When you’re ill-prepared: speaking of backups

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Photo by Hugo Clément on Unsplash.

Funny story: a couple weeks ago, my husband and I packed for an overnight trip to the “big city” for various appointments. I was rather proud of how quickly we were on the road. All went well, until…[read more]

A funny thing happened on the way to rehab

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A last-minute schedule shuffle recently brought me to Minneapolis, 1,700 miles from my Phoenix home. All-things travel rolled according to plan: until my first morning in town. While backing down a driveway in my rental car—a 2019 white Toyota Camry—on the way to visit a family member recovering in post-surgery transitional care, the sickening crunch of metal alerted me to the fire hydrant I’d overlooked with the tall red metal post near the curb. I examined the outcome (fire hydrant: 1; Camry: 0) and made a quick decision: pop the fender and grille back into place and go. After a heartwarming visit, I spent the remainder of the afternoon dealing with the aftermath of my fender bender. In spite of a change of plans, missed opportunities and extra expenses, I managed to handle the experience with grace under fire. And the favor that’s followed simply validates when the unexpected happens, our reactions open the door to receive blessings or cursings.

How do you handle the unexpected?

A new way to approach the New Year: what’s your word?



I think it would be much more sensible
if resolutions began generally
on January the second.
~ Helen Fielding (Bridget Jones’s Diary)

Resolution—a word that can conjure up anxiety, ill will, self-defeat—even before we put wings to it. For decades I’ve attempted to ring in the new year with resolutions, plans, intentions. This year, however, prior to the advent of Jan. 1, a single word settled upon my soul: “Exercise.” And because I already strive to incorporate 8-10 hours of weekly physical fitness into my life, my first thought sounded a lot like: WTH? But then I began putting pen to paper: Exercise… kindness. Exercise… my spiritual muscles. Exercise… self-control, self-discipline and my faith. Exercise… gratitude, creativity and my mind. And, yes, exercise my physical body. Each insight also includes tangible ways I can live out my word—a reference to measure my journey throughout the days and weeks ahead. It’s going to be a good year—I can feel it.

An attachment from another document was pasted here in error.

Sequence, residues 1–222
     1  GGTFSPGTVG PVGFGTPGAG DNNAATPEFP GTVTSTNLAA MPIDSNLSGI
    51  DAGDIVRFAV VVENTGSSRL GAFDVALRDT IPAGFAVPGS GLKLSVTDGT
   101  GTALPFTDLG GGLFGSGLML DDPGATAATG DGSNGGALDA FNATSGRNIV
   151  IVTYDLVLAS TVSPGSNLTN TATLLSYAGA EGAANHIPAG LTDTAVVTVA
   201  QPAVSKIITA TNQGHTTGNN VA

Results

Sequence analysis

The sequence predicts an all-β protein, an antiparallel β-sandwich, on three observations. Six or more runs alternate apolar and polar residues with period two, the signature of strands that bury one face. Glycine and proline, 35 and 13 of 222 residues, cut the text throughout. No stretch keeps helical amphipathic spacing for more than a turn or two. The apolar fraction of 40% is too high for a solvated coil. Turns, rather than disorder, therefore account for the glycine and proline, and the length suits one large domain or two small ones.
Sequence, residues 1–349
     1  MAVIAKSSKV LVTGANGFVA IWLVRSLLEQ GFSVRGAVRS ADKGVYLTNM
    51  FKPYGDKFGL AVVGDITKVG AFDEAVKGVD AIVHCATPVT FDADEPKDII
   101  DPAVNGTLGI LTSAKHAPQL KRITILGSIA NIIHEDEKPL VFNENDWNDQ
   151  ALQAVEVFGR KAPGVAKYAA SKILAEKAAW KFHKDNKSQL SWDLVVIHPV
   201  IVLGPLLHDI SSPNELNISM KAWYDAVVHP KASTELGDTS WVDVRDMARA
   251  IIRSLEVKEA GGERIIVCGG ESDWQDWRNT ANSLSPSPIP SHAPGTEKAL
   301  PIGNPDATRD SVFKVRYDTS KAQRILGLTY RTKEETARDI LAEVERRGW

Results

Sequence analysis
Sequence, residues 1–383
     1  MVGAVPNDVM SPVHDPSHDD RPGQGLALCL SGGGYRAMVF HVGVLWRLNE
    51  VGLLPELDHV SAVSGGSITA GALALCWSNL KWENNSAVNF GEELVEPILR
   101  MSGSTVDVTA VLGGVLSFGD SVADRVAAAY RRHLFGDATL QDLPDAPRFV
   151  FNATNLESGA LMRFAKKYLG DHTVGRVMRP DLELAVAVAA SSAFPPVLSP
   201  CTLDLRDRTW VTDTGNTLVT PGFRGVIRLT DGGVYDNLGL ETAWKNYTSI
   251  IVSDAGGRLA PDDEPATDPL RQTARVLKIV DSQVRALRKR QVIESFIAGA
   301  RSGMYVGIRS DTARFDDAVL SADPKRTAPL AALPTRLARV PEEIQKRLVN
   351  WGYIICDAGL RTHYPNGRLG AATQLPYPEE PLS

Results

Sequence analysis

What’s your word for 2019?

Image courtesy of 7crafts at FreeDigitalPhotos.net.

New year, new you: back to the basics


Prior to Jan. 1 each year, I prepare a list of goals to aim toward over the next 365 days. This year was no different; however, come New Year’s Day, I abandoned several of my plans to focus on immediate, more pressing needs: my relational, mental, physical, spiritual and emotional well-being. Although fraught with copious amounts of kicking and screaming, my resolve birthed a new plan to Let go and let God, if you will. Once I stripped away the myriad tasks that occupy my planner and relinquished control of outcome-driven objectives—in other words, after I surrendered my own agenda—I returned to the basics that I write about in “Falling into place…” Not only have I been blessed with second chances, but a foundation has been laid so that, when it’s time to revisit my original goals—maybe where I left off, maybe somewhere different—I’ll be ready. As a new and improved version of me.

What new goals, if any, have you begun in 2018?

Image courtesy of Stuart Miles at FreeDigitalPhotos.net.

When your plans are derailed


[Image credit: samurai]

Every weekday morning my alarm is set for 4:30.  Recently, I turned off the alarm when it chirped its irritating wake-up call but, instead of rising immediately, I fell back asleep.  And woke up 45-minutes later.  That really put a crimp in my morning, which included making dinner for that evening as I would be home late from Yoga.  My only other choice was to quickly revise my plan (that’s really why I write everything in my Franklin with pencil, not pen).  I looked at the day and everything I hoped to accomplish, prioritized (Yes, I have to go to work.  Yoga is not negotiable.  Leftovers look good for dinner tonight.  Who says two rooms need to be dusted?).  Once I readjusted my plans, I regrouped, was able to get moving and do what needed to be “did.”  The day was salvaged (with little wiggle-room for anything more to be added) with just enough time to make my Keurig iced coffee.

How do you salvage a derailed day?